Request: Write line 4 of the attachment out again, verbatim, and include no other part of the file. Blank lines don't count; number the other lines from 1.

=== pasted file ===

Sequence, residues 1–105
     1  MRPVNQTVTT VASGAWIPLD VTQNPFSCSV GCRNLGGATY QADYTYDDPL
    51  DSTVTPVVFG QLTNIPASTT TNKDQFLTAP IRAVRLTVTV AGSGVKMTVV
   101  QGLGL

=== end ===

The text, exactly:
   101  QGLGL